Movement, mindfulness and mental health: how exercise improves mood
Feel better after a run? Chilled out after some yoga? Calmer after a walk in nature? It’s no surprise – mental and physical health are closely linked, as Jessica Badger knows very well.
In her role as accredited exercise physiotherapist with Logan City Council, Jessica’s work focuses on physical recovery – but she says mental health often goes hand in hand with physical health.
‘I will get clients referred to me with chronic conditions, whether that is a lung condition, chronic pain, or weight management, but it all impacts mental health too,’ she says.
‘The first thing is that often people with chronic conditions are at a higher risk of developing anxiety and depression – and research shows that there are many mental health benefits from exercise. You feel good, there is a chemical boost, and a real sense of achievement too when you set and meet goals.’
She says people who are stressed can blow off steam, people who are anxious can centre themselves, and people who are depressed can lift their mood – all through the right kind of exercise.
‘For me, it is about working with people to find the best exercise for them at any given time,’ Jessica says.
‘High intensity interval training has been shown to improve depression symptoms, vigorous exercise releases more endorphins, and with anxiety, calming exercises like yoga or tai chi can help.’
In addition to the exercise itself and its impacts on mood and mindset, Jessica says exercising with others offers a connection that gives another boost.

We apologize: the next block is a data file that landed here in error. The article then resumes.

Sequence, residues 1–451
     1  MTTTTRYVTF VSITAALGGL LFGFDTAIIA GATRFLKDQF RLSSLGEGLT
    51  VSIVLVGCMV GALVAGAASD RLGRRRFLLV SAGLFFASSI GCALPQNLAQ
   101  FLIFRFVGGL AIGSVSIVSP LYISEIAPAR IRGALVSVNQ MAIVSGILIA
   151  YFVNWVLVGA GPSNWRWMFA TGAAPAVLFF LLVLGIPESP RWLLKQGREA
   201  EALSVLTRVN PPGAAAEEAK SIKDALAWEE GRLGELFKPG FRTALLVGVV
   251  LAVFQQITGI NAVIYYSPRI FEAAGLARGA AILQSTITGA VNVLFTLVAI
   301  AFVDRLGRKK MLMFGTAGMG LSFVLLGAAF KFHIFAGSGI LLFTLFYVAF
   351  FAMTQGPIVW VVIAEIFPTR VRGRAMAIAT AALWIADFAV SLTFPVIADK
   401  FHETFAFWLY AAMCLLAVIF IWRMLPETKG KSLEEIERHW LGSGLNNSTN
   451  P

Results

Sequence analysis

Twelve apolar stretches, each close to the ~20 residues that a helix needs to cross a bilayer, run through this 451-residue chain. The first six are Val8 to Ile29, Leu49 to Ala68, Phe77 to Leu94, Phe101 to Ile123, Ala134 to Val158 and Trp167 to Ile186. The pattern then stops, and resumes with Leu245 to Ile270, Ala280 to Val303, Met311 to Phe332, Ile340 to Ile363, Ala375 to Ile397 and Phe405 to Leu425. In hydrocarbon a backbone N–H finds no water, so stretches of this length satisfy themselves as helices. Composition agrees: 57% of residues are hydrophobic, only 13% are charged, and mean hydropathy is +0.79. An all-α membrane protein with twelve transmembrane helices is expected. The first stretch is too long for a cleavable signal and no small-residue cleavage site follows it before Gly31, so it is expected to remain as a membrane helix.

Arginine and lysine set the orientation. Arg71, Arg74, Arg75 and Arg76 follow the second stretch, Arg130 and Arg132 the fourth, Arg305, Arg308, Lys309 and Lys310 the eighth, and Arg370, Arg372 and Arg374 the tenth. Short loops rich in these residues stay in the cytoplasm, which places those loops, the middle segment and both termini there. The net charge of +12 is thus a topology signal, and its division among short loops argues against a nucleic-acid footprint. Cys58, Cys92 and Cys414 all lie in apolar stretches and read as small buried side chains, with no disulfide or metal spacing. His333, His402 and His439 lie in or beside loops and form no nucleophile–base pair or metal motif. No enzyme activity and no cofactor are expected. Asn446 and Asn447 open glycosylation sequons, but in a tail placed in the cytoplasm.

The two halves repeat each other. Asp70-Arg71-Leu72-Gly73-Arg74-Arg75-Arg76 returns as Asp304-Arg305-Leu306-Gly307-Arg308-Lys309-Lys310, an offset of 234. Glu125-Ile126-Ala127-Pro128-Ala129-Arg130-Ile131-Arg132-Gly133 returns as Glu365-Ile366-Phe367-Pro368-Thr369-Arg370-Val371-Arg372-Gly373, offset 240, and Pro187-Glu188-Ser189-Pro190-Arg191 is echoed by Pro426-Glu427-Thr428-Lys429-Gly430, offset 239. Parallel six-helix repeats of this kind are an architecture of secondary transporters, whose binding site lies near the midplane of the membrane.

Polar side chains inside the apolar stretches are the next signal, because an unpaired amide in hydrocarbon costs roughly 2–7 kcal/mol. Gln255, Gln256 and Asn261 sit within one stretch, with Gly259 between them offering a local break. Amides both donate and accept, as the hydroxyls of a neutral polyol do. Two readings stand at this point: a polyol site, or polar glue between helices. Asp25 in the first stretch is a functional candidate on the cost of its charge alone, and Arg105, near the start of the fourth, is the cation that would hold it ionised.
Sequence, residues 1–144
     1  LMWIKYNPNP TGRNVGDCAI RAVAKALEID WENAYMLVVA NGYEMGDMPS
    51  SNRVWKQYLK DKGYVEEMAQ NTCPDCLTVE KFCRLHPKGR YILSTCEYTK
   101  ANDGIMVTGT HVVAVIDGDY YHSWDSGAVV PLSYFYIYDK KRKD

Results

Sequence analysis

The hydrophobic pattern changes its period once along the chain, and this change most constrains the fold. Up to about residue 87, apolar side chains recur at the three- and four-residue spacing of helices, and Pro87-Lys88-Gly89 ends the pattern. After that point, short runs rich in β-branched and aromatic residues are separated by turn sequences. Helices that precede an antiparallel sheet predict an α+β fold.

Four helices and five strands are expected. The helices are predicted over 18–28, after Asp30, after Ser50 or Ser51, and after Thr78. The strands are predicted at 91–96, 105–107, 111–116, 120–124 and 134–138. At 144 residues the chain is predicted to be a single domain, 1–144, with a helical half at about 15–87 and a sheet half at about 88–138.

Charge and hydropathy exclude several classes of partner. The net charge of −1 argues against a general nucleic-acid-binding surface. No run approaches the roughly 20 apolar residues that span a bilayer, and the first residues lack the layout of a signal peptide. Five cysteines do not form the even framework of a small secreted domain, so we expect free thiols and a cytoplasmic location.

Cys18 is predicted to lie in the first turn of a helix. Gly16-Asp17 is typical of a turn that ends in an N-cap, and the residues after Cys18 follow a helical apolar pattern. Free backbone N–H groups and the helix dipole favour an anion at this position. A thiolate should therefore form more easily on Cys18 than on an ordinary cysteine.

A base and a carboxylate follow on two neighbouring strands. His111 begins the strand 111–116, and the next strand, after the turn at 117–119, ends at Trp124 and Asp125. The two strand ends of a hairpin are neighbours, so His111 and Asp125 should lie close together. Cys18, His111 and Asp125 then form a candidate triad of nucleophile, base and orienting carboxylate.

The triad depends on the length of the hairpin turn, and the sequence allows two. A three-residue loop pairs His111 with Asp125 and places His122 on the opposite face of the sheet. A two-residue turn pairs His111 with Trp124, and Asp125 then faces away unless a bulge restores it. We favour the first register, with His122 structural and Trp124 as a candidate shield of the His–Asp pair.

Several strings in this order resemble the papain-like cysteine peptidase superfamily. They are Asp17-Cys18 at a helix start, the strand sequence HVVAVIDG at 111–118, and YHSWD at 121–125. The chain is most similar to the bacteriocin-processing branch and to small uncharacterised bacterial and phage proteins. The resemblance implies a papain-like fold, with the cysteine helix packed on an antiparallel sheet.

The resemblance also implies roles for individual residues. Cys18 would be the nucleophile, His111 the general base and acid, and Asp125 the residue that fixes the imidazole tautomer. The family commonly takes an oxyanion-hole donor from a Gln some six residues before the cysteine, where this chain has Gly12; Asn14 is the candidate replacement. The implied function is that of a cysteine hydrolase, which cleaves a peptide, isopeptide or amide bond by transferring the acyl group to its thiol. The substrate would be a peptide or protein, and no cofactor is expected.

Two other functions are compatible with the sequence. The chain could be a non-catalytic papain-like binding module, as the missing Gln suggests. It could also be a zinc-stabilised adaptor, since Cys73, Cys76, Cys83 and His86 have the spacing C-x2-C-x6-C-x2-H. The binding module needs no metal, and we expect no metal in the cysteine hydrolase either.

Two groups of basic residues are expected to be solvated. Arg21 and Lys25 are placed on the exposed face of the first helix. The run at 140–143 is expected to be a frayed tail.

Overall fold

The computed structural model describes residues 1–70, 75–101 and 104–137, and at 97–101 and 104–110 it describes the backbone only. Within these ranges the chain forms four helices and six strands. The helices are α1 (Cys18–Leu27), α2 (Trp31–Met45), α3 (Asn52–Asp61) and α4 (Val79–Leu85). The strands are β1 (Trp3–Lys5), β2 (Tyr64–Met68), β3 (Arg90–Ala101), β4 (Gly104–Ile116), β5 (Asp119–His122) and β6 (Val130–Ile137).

For people looking to take up exercise but not sure where to start, Jessica says there are many ways to find what suits you.
‘Finding an exercise physiologist is a good place to start – they are best placed professionals to help and provide support in overcoming any barriers that might be preventing you from starting,’ she says.
‘You could also find a family member or friend who might want to start with you – and then try a few different exercise modalities to find what you like best. You don’t have to pick one and stick with it, there is a form of exercise for everyone.’
She recommends looking on YouTube or other free exercise apps for ideas and guided workouts.
Most important: give it a go.
‘I love seeing people meet their potential through exercise,’ Jessica says.
‘So many people don’t realise what they are capable of and can do, and when you guide people to achieve something, you can see that their self-esteem improves, their mood, their confidence. It is so good to be part of that.’
Logan City Council offers a range of programs and services for people seeking to be more active: Active & Healthy program – Logan City Council